[Dixielandjazz] Shaw & Goodman

Bob Romans cellblk7 at comcast.net
Sat Jan 1 19:06:06 PST 2005

Jimmy Dorsey...spent the last set sitting in a booth  with my girlfriend and 
I at the Rainbow Ballroom in Denver, 1950. His band played the last set 
without him, he sat there asking us questions about out lives, our music, 
and gave us both a hug before we left. His brother, Tommy, was a real jerk 
to me earlier that year when I asked him for an autograph. Shorty Sherock 
was on trumpet/cornet, I remember!
Warm regards,
Bob Romans
Cell Block 7 Jazz Band
1617 Lakeshore Dr.
Lodi, Ca. 95242
Cell 209-747-1148
Because I play trumpet, I envy no man!
"Most people hate the taste of
 beer---to begin with. It is, however.
a prejudice many people have been
able to overcome".
Winston. Churchill!
----- Original Message ----- 
From: "Richard Broadie" <rbroadie at dc.rr.com>
To: "Steve barbone" <barbonestreet at earthlink.net>; "DJML" 
<dixielandjazz at ml.islandnet.com>
Sent: Saturday, January 01, 2005 3:23 PM
Subject: Re: [Dixielandjazz] Shaw & Goodman

> In personal conversations with Shaw, Artie said his focus was on the 
> gestalt - the whole being greater than the some of the parts. His focus, 
> in other words, was on the final sound of the orchestra.  Shaw maintained 
> that Goodman's focus was far more on the clarinet and the music he could 
> produce on it.  To Shaw, BG's band was incidental as if to be the means 
> that allowed BG to display his talents on clarinet.
> Ellington  always claimed that his instrument was his orchestra and 
> described himself as "the piano player" in a self-effacing manner.  While 
> Shaw's comments were similar to Ellington, I would never describe Artie as 
> being "self-effacing."
> As to who was or wasn't a jerk, I would never wish either Shaw or Goodman 
> to have been my best friend.  Same with Buddy Rich, Tommy Dorsey or Glenn 
> Miller.  There were a lot of great band leaders who were not necessarily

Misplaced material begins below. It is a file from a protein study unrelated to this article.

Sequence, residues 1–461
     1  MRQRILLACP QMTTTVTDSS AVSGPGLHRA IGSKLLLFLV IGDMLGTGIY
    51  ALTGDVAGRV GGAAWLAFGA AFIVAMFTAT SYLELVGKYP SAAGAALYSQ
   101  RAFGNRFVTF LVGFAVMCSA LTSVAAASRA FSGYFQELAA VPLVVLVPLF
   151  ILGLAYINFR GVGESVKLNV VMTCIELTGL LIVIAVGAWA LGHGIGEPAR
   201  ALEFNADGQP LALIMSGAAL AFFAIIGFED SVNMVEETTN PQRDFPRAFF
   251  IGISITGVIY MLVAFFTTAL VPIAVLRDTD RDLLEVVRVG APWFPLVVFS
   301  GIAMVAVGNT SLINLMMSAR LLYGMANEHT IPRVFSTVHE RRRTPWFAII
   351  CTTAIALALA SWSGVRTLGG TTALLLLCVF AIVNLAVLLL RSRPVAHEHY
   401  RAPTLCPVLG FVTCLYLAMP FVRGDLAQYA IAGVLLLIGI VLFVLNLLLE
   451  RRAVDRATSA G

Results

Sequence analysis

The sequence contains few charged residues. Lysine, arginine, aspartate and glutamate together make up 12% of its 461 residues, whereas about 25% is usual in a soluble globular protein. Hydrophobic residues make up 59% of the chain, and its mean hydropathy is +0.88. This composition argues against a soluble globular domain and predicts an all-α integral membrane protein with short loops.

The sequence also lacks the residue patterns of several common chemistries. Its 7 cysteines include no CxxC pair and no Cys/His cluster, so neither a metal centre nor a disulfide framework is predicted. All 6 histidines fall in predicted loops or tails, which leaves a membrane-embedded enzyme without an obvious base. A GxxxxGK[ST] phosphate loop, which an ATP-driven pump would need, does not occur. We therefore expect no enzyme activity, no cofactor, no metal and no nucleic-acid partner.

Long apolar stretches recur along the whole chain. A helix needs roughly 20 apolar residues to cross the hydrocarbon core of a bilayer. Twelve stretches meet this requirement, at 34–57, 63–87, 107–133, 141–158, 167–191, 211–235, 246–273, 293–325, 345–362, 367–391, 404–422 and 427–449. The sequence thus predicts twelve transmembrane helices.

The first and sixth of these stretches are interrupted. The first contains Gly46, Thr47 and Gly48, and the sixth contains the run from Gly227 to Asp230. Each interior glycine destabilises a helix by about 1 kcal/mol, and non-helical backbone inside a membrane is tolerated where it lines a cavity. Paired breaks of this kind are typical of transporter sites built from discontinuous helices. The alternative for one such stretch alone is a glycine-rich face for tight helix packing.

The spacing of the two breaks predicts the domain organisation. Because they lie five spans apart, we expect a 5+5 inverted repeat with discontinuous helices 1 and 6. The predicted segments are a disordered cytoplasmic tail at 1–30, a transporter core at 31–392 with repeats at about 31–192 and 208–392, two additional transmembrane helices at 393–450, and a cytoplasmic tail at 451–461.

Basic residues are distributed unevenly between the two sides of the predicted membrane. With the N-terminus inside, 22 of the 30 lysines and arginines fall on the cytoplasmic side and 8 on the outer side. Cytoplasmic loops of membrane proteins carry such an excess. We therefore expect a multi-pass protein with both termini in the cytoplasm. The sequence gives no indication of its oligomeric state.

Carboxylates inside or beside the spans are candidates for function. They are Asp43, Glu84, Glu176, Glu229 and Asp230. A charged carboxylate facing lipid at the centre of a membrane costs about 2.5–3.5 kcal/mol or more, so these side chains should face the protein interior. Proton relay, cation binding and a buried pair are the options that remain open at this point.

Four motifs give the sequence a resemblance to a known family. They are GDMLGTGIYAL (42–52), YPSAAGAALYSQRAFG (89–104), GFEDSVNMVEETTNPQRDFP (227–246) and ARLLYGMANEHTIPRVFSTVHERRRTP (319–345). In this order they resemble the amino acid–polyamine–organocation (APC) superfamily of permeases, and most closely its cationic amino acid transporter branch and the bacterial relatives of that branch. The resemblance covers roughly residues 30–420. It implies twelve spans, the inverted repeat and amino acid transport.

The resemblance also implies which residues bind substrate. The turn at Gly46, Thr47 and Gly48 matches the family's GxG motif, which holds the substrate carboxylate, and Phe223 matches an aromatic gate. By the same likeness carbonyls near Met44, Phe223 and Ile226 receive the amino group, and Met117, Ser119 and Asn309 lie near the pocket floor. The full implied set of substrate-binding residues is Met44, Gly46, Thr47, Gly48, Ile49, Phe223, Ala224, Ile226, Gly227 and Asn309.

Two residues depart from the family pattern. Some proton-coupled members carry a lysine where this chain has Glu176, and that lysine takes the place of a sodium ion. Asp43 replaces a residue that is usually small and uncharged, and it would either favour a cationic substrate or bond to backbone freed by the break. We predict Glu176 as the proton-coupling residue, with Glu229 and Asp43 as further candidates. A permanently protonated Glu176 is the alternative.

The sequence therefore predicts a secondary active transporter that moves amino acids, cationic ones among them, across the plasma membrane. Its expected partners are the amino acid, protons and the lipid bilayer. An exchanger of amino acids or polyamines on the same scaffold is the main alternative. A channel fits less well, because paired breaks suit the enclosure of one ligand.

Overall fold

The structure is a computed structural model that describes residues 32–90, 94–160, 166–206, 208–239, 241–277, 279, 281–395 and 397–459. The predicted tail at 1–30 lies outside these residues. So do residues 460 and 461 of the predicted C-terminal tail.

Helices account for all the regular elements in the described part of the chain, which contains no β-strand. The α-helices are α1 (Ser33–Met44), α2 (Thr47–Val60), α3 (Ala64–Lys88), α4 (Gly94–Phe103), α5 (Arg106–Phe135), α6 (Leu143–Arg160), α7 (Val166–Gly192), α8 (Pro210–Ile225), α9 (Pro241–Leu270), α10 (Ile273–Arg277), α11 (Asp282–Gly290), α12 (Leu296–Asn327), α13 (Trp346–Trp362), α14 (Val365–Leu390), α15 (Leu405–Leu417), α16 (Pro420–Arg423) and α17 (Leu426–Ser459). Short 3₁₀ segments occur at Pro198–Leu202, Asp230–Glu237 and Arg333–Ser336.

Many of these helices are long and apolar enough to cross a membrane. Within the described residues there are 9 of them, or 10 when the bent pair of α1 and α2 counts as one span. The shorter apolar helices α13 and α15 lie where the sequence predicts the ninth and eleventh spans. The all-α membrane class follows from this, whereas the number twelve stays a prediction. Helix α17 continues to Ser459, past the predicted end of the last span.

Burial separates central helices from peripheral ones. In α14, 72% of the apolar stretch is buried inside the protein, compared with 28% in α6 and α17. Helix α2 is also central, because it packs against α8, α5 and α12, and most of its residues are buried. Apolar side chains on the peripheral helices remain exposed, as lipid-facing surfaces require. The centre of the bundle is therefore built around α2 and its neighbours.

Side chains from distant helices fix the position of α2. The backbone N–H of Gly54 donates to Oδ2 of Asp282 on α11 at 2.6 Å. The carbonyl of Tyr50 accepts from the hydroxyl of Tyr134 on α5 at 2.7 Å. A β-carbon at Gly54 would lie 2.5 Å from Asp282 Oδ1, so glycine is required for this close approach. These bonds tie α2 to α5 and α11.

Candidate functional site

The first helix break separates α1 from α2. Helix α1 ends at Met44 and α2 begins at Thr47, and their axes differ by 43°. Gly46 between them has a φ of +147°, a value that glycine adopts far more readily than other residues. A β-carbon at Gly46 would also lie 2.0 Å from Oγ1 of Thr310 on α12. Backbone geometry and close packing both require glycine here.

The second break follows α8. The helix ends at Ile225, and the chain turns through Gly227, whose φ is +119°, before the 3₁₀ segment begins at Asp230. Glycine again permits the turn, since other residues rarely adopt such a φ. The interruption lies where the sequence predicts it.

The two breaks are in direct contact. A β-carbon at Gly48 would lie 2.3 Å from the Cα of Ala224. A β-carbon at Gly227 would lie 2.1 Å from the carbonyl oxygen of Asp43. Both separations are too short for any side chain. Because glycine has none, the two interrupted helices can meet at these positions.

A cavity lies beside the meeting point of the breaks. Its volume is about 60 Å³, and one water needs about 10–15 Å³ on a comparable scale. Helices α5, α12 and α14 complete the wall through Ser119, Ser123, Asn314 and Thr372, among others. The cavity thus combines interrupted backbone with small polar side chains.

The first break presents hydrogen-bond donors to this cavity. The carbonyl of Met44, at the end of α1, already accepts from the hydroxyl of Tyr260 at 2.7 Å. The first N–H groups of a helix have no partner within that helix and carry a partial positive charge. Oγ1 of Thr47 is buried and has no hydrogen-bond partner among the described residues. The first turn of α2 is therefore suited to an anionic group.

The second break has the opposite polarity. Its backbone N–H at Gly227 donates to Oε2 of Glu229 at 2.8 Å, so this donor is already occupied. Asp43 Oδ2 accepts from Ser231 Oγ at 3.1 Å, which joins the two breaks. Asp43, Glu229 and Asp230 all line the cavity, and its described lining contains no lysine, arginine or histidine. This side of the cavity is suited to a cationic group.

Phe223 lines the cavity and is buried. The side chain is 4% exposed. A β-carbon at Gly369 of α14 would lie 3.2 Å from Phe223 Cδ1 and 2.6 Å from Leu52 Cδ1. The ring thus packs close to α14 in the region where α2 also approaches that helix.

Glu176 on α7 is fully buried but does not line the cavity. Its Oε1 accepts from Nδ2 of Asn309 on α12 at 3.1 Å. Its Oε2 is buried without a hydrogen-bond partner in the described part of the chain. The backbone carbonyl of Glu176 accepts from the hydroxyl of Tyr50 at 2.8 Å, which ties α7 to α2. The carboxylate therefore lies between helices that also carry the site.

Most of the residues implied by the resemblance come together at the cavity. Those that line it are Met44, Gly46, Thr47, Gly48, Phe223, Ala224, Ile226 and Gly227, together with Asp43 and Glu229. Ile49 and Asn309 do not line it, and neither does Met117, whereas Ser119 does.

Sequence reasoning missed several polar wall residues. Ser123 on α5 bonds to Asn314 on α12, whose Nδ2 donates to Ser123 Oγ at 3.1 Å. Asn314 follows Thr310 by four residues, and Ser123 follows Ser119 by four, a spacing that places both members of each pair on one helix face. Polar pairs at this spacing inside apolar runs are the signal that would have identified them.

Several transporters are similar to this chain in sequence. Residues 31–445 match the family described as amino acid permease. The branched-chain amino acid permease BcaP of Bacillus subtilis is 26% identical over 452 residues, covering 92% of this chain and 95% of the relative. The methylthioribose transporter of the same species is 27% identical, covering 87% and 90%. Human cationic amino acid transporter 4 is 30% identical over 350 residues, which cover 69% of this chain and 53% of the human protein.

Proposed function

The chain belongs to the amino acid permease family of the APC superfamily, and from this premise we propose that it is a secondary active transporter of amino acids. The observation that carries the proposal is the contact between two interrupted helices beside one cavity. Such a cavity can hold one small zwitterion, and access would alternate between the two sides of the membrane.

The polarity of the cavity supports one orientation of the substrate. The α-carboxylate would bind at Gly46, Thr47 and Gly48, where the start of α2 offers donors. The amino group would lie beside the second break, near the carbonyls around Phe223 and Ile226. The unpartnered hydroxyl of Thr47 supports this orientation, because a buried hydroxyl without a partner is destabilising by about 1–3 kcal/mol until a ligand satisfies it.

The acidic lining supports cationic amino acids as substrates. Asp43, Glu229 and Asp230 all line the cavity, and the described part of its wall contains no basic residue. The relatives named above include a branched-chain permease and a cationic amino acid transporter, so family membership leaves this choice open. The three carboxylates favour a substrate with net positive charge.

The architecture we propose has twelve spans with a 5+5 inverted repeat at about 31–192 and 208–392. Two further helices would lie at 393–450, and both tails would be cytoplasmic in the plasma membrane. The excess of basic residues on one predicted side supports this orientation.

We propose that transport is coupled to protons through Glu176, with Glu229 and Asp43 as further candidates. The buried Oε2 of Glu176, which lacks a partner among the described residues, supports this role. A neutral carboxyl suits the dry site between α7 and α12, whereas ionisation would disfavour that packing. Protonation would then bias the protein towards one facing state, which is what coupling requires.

> the nicest of people.  Perhaps, if they were nicer people, their bands 
> wouldn't have been as successful.
> Anyone want to discuss who the good and bad guys were from that era? 
> Might make an interesting thread.  Then again, what do I know.  Woody 
> Herman used to be my financial advisor.
> Dick Broadie
> ----- Original Message ----- 
> From: "Steve barbone" <barbonestreet at earthlink.net>
> To: "DJML" <dixielandjazz at ml.islandnet.com>
> Sent: Friday, December 31, 2004 1:57 PM
> Subject: [Dixielandjazz] Shaw & Goodman
>>I think perhaps some folks on the DJML quite misunderstand what Shaw was
>> talking about when he said Goodman played Clarinet and he (Shaw) played
>> music. No point getting hung up on the semantics of the word "play". No
>> point in assuming that Shaw's comments were a cheap shot at Goodman's
>> expense, when they were not. Shaw was merely pointing out how he and 
>> Goodman
>> viewed the clarinet. Perhaps the quote, a short one out of a broader
>> context, was an error on my part. The entire two chapters on Shaw should 
>> be
>> read for a fuller understanding of the man, his music and his psyche. As
>> should Shaw's autobiography be read.
>> Simply stated, some folks view the axe primarily as a communication 
>> device.
>> E.G. Shaw or Pee Wee Russell. Their musical work speaks with all the 
>> emotion
>> of a expert communicator.
>> Other folks do not view the axe as a communication device, but rather as 
>> an
>> instrument to be conquered or mastered. Their primary goal is to play it
>> perfectly. E.G. Goodman, or Eddie Daniels. They play beautifully, but do
>> not, to my ears at least, seem to have that emotion of a great 
>> communicator.
>> When listening to Shaw, and then Goodman the differences are apparent. 
>> Same
>> if one listens to Daniels and then DeFranco. DeFranco communicates with, 
>> and
>> Daniels masters, the instrument.
>> Pee Wee Russell? A great communicator. Just ask Kenny Davern who is also 
>> one
>> of the great communicators on the axe as well as one who has pretty well
>> mastered it.
>> There are listeners who respond to one or the other approach for various
>> reasons. You pay your money and you take your choice. Or you appreciate 
>> both
>> for what they do.
>> Further examination of Sudhalter's Book will give the reader more insight 
>> on
>> these approaches to musicianship. Especially Davern's take on Pee Wee
>> Russell in the chapter on Pee Wee, and more reading of the two chapters 
>> on
>> Artie Shaw. (I cite the book so much only because I think many list mates
>> have it)
>> Bottom line? I plead with list mates not to draw large inferences from 
>> short
>> quotes (Shaw) that were obtained by an interviewer (Sudhalter), but 
>> rather
>> to seek out the entire context.
>> Cheers,
>> Steve Barbone
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